Crawling the Plank

Years ago we lived in a much loved old dump of a house. On that day I was away and Meg had locked herself out of the house! This was very inconvenient as her father and our very young niece Stephanie had just turned up for a cup of tea. Meg inspected the house from the outside, as one does on such occasions, and managed to spy her handbag through the bedroom window. She knew it contained the house keys and fortunately the quarter of the window was open. Stephanie, her grandfather and old Tudor watched Meg with quiet admiration as her mental gears started to grind.

It is a well known fact that humans are only slightly more intelligent than border collies, so Meg decided that she had to solve this problem with the help of the dog. The open part of the window was too small for a human adult to climb through and wee Stephanie would have broken her neck once she was through the window.

Old Tudor the border collie carrying a newspaper Tudor, on the other hand would just about fit through the opening and he had rubber bones. He had also been trained to go and fetch practically anything and presumably would - with plenty of coaching - manage to retrieve the handbag and bring it close to the window. How the bag could then be retrieved was a bit problematical, but a hook attached to a long stick poked through the window seemed one promising scheme.

The plan had matured and it was time for its execution. Tudor was a magnificent jumper, but even he couldn't have taken a leap and sailed through the small window - hence the application of science was called for.

After a considerable amount of planning, wriggling and preparation the following situation ensued. Meg had found a wooden plank and she pushed it through the fan light. Shortly after her father was supporting the plank with his shoulder while Meg lifted the wriggling collie and parked him on the plank. Now, this is not an ordinary occurrence for a border collie, but old Tudor had been exposed to so many crazy schemes that he took this one in his stride - while firmly clamping himself to the plank in case of earth quakes.
Wee Stephanie watched all this with childish amazement and kept asking in a loud voice: "What are you doing to the dog, Auntie Meggy?". A border collie smoking a pipe"Quiet, Stephanie, you'll see in a minute!" At this stage it is easy to lose track of the plot: The plank, supporting the dog, was to be pushed through the small window and then tipped slightly in order to induce him to jump onto the bed below. From there he would make his way to the handbag, encouraged by yells of: "Go on, pick it up!". After this he would drag the handbag to the window, from where it would be recovered by a yet unexplained, but hopefully brilliant method.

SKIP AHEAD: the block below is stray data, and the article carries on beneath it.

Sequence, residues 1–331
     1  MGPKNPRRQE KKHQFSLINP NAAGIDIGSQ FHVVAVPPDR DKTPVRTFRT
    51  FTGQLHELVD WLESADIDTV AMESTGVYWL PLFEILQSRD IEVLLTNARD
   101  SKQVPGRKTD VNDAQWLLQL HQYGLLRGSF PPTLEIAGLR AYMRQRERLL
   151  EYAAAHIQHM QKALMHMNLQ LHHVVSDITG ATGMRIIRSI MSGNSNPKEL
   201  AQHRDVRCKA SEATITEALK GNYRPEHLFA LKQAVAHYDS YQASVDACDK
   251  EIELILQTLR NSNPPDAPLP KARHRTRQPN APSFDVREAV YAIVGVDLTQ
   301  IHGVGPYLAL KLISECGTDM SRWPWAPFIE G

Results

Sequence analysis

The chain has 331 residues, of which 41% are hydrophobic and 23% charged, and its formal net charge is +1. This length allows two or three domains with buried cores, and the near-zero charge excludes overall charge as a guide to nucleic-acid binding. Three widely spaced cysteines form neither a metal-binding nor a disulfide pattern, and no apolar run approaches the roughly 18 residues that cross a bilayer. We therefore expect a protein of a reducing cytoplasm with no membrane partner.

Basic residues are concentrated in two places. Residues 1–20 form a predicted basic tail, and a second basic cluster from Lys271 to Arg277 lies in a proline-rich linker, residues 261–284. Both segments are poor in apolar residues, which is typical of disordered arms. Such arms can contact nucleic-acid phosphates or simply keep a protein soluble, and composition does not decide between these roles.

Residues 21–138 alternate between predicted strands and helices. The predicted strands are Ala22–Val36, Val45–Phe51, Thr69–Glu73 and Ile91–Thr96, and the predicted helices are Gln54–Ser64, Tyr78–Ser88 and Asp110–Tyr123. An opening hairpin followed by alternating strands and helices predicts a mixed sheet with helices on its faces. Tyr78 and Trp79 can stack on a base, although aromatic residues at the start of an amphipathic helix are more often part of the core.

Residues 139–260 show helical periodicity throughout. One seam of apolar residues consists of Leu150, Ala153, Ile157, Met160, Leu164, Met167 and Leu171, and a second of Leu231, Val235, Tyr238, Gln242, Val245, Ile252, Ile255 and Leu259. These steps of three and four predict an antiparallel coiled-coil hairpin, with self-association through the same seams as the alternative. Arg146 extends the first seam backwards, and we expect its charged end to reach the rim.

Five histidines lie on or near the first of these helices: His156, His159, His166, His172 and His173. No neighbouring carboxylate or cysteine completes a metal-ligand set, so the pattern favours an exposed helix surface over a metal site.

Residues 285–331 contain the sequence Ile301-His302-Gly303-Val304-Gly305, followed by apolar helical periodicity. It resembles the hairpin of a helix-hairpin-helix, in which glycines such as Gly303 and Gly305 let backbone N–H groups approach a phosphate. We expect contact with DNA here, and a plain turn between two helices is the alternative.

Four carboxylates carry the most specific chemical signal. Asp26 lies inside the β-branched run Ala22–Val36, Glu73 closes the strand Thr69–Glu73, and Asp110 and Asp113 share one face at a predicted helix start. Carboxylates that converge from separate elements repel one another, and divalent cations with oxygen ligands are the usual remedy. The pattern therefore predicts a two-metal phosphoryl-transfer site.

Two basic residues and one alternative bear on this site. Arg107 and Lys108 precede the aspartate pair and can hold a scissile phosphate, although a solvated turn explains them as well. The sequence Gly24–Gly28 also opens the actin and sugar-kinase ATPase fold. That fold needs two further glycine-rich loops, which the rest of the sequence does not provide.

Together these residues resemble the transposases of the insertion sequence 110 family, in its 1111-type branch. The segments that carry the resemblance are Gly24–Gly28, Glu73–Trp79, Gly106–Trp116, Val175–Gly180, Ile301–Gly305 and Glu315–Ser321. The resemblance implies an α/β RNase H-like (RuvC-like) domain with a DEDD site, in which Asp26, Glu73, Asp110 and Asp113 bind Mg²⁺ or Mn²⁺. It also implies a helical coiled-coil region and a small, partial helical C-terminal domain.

Meg got her father to slowly push the planked dog through the window, while she tried to accelerate Tudor by heaving at his bushy rear.

The mechanics of the endeavour were sound and it should have worked - if it hadn't been for Tudor's astonishment. Like the flamingo in 'Alice in Wonderland' who, when misused as a croquet mallet, insisted on spoiling the sport with an inquisitive turn of its flexible neck, Tudor, every time he was nearly through the window kept on wriggling around and, with an embarrassed expression on his black and white face, seemed to ask: "What is going on here? Why are you shoving at my arse?". At the same time wee Stephanie kept gulderin': "What are you doing with the doggy, Auntie Margaret?" and her granda commented in a low voice: "You shouldn't do that do the poor dog!".

Meg finally collapsed convulsed with laughter and realized that this scheme was just too funny to pursue. They all had to wait for my return to get their cups of well deserved tea. Tudor looked somewhat disappointed.

 
 

Collie Tales

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Tudor with sign
The long way home

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